Nitrite-N also affected the molting of P. pelagicus juveniles, but rather than increasing molting frequency, nitrite-N levels from 3 to 16 mg L−1 significantly increased "molt death syndrome" (Romano and Zeng, ). This was characterized by a mortality resulting from the inability of the crab to completely remove their old exoskeleton during molting and diagnosed as an incomplete disengagement of the previous shell from a dead crab. Furthermore, P. pelagicus had a high sensitivity to nitrite-N since the lowest tested level of 3 mg L−1 led to significantly lower growth after 20 days of exposure (Romano and Zeng, ). This is particularly noteworthy considering their high ammonia-N tolerance (Romano and Zeng, ) indicating that a high tolerance to one nitrogenous form may not necessarily correspond to another.
For M. rosenbergii larvae, it has been shown that the earlier larval stages are more susceptible than more developed larvae (Mallasen and Valenti, ). Mallasen and Valenti () measured the cumulative survival and growth of M. rosenbergii from larvae I to VIII (phase 1) and larvae VIII to postlarve (phase 2). It was shown that nitrite-N levels above 2 mg L−1 significantly reduced the survival and growth of M. rosenbergii in phase 1, while for the survival and growth to be significantly reduced nitrite-N levels of 16 and 8 mg L−1, respectively, were required (Mallasen and Valenti, ).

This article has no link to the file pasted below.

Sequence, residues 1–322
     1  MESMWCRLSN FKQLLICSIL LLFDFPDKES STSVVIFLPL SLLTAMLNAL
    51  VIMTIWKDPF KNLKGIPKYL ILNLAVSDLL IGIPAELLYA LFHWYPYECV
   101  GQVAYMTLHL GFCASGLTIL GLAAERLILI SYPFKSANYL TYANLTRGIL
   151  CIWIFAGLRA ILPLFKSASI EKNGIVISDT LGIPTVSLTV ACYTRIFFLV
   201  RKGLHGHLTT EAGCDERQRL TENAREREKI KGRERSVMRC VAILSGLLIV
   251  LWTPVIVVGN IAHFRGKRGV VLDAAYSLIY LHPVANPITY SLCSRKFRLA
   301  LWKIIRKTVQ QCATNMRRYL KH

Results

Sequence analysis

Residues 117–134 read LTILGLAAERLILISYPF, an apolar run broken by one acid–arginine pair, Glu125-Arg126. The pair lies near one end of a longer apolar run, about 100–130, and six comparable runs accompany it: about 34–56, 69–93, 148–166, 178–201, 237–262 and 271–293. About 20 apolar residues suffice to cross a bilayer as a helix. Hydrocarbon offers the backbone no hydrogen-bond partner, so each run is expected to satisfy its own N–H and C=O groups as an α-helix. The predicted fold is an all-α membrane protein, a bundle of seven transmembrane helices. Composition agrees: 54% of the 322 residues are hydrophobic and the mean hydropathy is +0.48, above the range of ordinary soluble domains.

The effects of nitrate-N on the growth and development to crustaceans are limited, and to our knowledge, restricted to M. rosenbergii over progressive larval stages (Mallesen et al., 2004) and L. vannamei juveniles (Kuhn et al., ). In a series of experiments using successively higher nitrate-N concentrations, Mallesen et al. (2004) indicated that nitrate-N levels of 180 mg L−1 would not be a significant stressor to M. rosenbergii larvae. For L. vannamei, two separate experiments were conducted at different nitrate-N concentrations of 220, 435, and 910 mg L−1 and then at different salinities of 2, 9, and 18 at the same nitrate-N concentration of 440 mg L−1 (Khun et al., 2010). In the first experiment, it was shown that 440 and 910 mg L−1 nitrate-N significantly reduced the growth and survival of L. vannamei, respectively from two weeks onwards while lower salinities at 440 mg L−1 had a greater impact on prawn survival and growth than at higher salinities. Much was made regarding osmoregulatory stress increasing the energetic demands of L. vannamei as an explanation to this finding (Khun et al., 2010), however it remains unclear whether the altered ionic profile to the culture water was also a contributing factor.